Mockito spy

Mockito spy

A mockito spy could be a partial mock. we will mock part of the item by stubbing a few methods, while real method invocations are used for the opposite. By saying so, we will conclude that calling away on a mockito spy will invoke the particular method, unless we explicitly stub the tactic, and thus the term partial mock.

mockito spy

Mockito spy Example

Let’s start with an easy example of a way to use a mockito spy.

Simply put, the API is Mockito.spy() to spy on a true object.

This will allow us to call all the traditional methods of the item while still tracking every interaction, even as we’d with a mock. OK, let’s do a fast example where we’ll spy on an existing ArrayList object:

@Test
public void whenSpyingOnList_thenCorrect() {
    List<String> list = new ArrayList<String>();
    List<String> spyList = Mockito.spy(list);
 
    spyList.add("one");
    spyList.add("two");
 
    Mockito.verify(spyList).add("one");
    Mockito.verify(spyList).add("two");
 
    assertEquals(2, spyList.size());
}

mockito spy Annotation

Next – let’s have a look at a way to use the Spy annotation. we will use Spy annotation rather than spy() as within the following example:

@Spy
List<String> spyList = new ArrayList<String>();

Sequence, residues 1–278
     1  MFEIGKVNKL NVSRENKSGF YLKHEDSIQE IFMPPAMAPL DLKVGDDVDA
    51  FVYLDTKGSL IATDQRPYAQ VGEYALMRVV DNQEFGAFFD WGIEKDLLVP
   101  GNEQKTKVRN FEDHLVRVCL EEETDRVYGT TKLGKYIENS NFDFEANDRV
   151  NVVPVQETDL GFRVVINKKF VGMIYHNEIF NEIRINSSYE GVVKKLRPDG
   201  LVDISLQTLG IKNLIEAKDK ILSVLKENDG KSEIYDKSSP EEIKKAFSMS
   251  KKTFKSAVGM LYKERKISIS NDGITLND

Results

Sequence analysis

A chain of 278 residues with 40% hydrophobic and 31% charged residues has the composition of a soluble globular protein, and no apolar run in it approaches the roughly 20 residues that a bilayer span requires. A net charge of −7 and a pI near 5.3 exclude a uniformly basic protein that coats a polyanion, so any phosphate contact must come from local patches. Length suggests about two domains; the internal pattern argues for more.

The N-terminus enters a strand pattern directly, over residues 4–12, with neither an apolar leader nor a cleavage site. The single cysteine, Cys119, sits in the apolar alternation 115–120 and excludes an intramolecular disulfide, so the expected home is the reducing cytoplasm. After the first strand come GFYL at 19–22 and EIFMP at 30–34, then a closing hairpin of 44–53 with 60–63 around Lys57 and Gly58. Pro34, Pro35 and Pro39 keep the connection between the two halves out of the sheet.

@Test
public void whenUsingTheSpyAnnotation_thenObjectIsSpied() {
    spyList.add("one");
    spyList.add("two");
 
    Mockito.verify(spyList).add("one");
    Mockito.verify(spyList).add("two");
 
    assertEquals(2, spyList.size());
}

In order to enable Mockito annotation (such as @Spy, @Mock, … ) – we’d like to try to to one in every of the following:

  1. Call the strategy MockitoAnnotations.initMocks(this) to initialize annotated fields
  2. Use the built-in runner @RunWith(MockitoJUnitRunner.class)

Stubbing a mockito spy

In the following example – we use doReturn() to override the size() method:

@Test
public void whenStubASpy_thenStubbed() {
    List<String> list = new ArrayList<String>();
    List<String> spyList = Mockito.spy(list);
 
    assertEquals(0, spyList.size());
 
    Mockito.doReturn(100).when(spyList).size();
    assertEquals(100, spyList.size());
}

Mock vs. Spy in Mockito

In the following example – we create a mock of the ArrayList class:



@Test
public void whenCreateMock_thenCreated() {
    List mockedList = Mockito.mock(ArrayList.class);
 
    mockedList.add("one");
    Mockito.verify(mockedList).add("one");
 
    assertEquals(0, mockedList.size());
}

As we will see – adding a component into the mocked list doesn’t actually add anything – it just calls the strategy with no other side-effect.

A spy on the opposite hand will behave differently – it’ll actually call the important implementation of the add method and add the element to the underlying list:\

@Test
public void whenCreateSpy_thenCreate() {
    List spyList = Mockito.spy(new ArrayList());
 
    spyList.add("one");
    Mockito.verify(spyList).add("one");
 
    assertEquals(1, spyList.size());
}

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